BEIRUT: Constitutionally required parliamentary consultations to name a prime minister will be held Monday, after which Mohammad Safadi will be designated, caretaker Foreign Minister Gebran Bassil told MTV Friday.
Parliamentary “consultations are supposed to start Monday, after which Safadi will be named [premier]. Otherwise, we will go stay [in negotiations] awaiting the agreement on a prime minister to name,” Bassil said.
The Free Patriotic Movement, which Bassil heads, along with the Future Movement, the Amal Movement and Hezbollah agreed Thursday night on naming Safadi.
Safadi, a business tycoon and political mainstay, represented his native Tripoli in Parliament from 2000 till 2018.
He was also a Cabinet minister continuously from 2005 until 2014, holding the Finance, Economy and Trade, and Public Works and Transportation portfolios.
“This stage needs a person who knows the state well. And Safadi has previously taken over several ministries and there are not any corruption suspicions surrounding him. Therefore, I find him to be a very suitable person for this stage,” Bassil said.
The last government collapsed on Oct. 29 amid mass protests demanding the removal of the entire political class, which is seen as corrupt and feckless. Protesters have reacted negatively to news that Safadi would be named prime minister, pointing out that he is a member of the political elite and that there are several questions surrounding his business dealings and time in government. Taking to the streets since Oct. 17, protesters have been demanding the formation of a government of technocrats instead.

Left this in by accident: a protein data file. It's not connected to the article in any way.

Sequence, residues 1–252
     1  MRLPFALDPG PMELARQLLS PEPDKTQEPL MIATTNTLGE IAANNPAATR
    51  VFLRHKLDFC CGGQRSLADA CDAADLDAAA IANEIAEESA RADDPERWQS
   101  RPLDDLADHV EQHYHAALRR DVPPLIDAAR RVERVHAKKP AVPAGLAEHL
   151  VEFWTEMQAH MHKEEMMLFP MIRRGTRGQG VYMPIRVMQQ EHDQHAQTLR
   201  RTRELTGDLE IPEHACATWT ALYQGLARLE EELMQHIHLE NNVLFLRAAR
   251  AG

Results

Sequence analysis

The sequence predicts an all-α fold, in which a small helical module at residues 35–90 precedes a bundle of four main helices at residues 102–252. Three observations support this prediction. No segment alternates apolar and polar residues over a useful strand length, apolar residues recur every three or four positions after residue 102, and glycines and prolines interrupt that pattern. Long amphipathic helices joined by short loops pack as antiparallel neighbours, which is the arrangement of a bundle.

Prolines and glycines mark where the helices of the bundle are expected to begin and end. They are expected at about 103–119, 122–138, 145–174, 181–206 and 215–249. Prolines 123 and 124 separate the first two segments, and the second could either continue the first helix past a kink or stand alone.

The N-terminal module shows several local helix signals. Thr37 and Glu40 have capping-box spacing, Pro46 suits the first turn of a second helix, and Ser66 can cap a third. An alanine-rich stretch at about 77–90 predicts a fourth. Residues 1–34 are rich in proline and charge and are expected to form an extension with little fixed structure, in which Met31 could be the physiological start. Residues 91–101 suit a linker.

Bassil said he supported the participation of technocrats in the upcoming government “but other partners were not excited about it. Therefore, it was agreed that every party is represented by who it chooses,” whether technocrats or politicians.
The FPM leader said Safadi had agreed to lead the government “if his name was approved by political parties in the government.”
Bassil said he expected the new government formation process not to take long “because the main political parties are certain of the need to quickly form a government that would get the country out of” the current situation.
The last Cabinet, headed by Saad Hariri, was only formed after 252 days of political wrangling. At the time, Bassil insisted on having a "blocking third," or 11 ministers in the 30-member Cabinet that can scuttle measures they find unacceptable. He did not mention whether he would make the same demand this time.
Baabda Palace sources told MTV following the release of the interview that the president had not yet set a date for the consultations. The president is Bassil's father-in-law.